George Washington's Christmas counterattack at Trenton, New Jersey, in 1776 ended all British hopes of gathering supplies from New Jersey farms. The logistics battle really began in earnest as a result of the British defeat at Trenton. After the British occupied Philadelphia a year later, their logistics situation looked promising at first. Pennsylvania farms were bountiful, and the British hoped to find abundant loyalist help, but again that support dried up. The continuing hope that enough provisions and supplies could be procured within the colonies must have stemmed, in part, from the belief held by many in the British Government and Army that it was only a matter of time before the rebels came to their senses and returned to British rule.

Flour was needed for making fresh bread, and other grains and vegetables were important to the soldiers' diet. Fresh meat, however, outranked nearly all other foodstuffs. Units in the field went to great lengths to obtain fresh beef, pork, mutton, poultry, and other meats. The policy of paying individuals for captured cattle was only one procurement method. In one instance, British soldiers reported subsisting on alligators and oysters, complemented by Madeira wine they found on a shipwreck off the South Carolina coast.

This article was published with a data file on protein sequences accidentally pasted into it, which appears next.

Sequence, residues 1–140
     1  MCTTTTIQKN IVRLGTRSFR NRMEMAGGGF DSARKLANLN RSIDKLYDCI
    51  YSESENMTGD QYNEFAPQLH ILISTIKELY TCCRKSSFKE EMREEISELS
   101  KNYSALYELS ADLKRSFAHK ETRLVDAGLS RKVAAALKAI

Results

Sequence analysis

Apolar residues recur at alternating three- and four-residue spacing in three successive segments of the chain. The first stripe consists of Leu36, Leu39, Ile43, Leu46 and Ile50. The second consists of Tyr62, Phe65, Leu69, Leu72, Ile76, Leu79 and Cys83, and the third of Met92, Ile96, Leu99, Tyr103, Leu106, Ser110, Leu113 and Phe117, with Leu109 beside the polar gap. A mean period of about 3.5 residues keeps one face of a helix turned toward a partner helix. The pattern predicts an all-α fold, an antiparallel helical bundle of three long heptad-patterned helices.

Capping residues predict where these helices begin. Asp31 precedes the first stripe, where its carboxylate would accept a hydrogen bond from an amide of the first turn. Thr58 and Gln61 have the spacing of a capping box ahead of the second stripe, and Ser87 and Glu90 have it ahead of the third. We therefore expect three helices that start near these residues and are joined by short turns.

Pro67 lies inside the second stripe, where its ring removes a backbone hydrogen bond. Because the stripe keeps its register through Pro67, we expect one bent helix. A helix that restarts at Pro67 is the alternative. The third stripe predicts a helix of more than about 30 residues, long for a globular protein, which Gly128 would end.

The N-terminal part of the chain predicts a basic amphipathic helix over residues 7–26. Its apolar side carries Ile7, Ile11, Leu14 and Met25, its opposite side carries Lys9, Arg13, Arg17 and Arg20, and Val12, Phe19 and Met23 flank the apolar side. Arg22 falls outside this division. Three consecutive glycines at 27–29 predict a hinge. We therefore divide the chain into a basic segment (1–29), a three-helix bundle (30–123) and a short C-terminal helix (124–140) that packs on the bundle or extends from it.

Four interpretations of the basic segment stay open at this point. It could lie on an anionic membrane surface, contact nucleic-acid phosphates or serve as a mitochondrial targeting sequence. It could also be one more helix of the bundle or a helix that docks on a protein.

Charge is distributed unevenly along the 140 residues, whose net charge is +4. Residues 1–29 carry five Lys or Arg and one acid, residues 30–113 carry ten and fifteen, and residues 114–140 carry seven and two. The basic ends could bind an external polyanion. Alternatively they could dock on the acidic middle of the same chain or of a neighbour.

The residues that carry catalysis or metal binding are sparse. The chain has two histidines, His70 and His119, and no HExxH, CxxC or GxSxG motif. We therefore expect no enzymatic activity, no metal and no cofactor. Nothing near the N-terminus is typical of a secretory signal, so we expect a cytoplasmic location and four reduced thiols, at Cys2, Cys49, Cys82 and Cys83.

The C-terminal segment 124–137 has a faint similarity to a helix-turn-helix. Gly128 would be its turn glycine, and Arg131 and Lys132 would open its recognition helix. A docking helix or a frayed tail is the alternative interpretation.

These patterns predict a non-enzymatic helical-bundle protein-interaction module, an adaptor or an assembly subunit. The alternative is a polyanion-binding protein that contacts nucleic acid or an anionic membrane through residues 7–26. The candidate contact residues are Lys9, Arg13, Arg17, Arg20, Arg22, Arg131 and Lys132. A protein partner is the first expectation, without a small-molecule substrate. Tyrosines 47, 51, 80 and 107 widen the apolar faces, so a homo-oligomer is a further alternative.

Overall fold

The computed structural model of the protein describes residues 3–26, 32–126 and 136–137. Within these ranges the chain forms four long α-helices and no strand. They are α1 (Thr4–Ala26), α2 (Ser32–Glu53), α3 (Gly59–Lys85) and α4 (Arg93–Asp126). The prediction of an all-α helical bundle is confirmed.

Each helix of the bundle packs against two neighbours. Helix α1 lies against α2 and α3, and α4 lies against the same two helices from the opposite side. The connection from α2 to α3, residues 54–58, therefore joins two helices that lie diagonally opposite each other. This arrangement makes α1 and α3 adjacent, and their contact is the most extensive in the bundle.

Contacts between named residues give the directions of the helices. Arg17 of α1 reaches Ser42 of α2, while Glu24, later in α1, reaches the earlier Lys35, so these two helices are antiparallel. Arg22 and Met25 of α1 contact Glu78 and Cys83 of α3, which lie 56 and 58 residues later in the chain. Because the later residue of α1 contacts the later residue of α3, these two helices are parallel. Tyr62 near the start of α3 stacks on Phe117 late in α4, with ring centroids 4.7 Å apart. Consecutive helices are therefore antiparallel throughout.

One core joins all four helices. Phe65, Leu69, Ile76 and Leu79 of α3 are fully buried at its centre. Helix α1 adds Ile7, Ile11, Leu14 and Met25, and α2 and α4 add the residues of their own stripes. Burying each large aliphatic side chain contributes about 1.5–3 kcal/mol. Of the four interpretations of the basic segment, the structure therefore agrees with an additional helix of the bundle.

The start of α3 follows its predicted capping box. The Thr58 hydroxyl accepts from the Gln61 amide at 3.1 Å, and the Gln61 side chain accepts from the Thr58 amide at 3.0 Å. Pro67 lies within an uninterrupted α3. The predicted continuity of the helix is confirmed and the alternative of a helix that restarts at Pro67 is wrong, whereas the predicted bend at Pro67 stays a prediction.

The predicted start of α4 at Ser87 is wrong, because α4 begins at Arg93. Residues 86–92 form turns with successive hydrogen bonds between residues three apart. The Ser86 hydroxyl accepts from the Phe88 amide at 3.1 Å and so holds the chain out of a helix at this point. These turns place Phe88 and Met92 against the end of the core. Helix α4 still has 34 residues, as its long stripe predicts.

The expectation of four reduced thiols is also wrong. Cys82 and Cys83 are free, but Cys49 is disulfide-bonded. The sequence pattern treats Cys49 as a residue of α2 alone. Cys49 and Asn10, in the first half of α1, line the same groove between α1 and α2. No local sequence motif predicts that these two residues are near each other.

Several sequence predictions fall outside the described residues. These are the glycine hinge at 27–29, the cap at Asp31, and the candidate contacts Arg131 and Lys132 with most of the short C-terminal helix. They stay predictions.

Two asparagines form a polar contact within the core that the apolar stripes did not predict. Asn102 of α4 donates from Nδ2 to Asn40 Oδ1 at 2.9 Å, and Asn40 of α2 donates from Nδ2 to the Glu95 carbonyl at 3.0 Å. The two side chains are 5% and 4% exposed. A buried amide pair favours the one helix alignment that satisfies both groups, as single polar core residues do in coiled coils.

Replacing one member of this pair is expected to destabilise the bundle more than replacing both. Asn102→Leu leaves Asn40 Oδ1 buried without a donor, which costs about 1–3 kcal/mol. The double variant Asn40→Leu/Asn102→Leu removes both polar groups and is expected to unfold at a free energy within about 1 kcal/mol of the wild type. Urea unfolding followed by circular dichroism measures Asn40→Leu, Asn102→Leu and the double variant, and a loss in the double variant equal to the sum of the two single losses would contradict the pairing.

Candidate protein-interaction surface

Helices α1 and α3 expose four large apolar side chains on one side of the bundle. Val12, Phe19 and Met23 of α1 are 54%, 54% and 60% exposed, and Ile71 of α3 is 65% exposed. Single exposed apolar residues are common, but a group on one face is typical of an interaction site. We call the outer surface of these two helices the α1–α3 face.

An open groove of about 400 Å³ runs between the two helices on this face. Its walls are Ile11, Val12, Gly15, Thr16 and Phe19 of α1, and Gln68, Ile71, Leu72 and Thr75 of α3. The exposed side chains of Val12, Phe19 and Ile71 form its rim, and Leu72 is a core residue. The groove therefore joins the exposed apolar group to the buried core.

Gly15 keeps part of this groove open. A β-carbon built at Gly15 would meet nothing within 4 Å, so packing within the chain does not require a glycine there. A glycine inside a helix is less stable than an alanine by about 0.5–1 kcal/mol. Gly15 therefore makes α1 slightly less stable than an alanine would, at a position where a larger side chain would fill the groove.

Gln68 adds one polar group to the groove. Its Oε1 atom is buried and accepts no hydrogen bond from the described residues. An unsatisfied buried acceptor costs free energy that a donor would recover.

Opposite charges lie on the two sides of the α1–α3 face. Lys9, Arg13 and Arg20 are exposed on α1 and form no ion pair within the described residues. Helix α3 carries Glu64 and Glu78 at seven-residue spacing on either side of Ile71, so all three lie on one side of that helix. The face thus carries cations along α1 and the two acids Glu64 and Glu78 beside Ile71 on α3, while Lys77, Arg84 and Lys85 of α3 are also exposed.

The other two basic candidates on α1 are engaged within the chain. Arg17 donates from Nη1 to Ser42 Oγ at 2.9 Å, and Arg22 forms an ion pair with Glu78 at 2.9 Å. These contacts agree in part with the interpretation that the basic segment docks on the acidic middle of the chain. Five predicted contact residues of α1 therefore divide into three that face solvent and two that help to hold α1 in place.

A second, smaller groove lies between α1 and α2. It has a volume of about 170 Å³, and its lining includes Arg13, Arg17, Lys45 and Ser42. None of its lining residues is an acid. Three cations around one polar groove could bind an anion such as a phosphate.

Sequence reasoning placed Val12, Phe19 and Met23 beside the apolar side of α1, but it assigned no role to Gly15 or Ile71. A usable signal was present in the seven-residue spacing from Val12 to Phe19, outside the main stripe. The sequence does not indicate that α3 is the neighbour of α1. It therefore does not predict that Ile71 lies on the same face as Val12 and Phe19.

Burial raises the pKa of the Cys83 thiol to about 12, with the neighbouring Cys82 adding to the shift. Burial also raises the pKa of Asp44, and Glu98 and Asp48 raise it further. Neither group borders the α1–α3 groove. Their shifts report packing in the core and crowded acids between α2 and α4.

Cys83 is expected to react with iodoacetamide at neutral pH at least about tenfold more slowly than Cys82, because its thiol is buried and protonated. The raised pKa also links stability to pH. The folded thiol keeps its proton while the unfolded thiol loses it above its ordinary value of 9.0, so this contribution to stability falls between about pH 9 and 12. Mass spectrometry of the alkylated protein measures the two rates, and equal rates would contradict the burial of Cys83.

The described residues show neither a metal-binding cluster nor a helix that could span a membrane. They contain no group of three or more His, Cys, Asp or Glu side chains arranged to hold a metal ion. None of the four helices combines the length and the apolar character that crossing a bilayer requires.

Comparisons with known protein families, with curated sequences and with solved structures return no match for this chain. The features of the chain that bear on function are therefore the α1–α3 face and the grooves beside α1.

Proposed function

Probably of equal significance to meat (at least to the infantryman) was alcohol. Copious amounts of porter were shipped initially, but eventually a spruce beer brewery was established in the colonies. At the discretion of the commander, soldiers were authorized one pint per day in garrison and two pints per day in the field. Fresh ingredients in the beer were thought to offset the likelihood of contracting scurvy. Rum also was available, from the West Indies, and was rationed at two quarts for every six men. The rum presumably was used to purify drinking water, but it certainly was abused to some degree.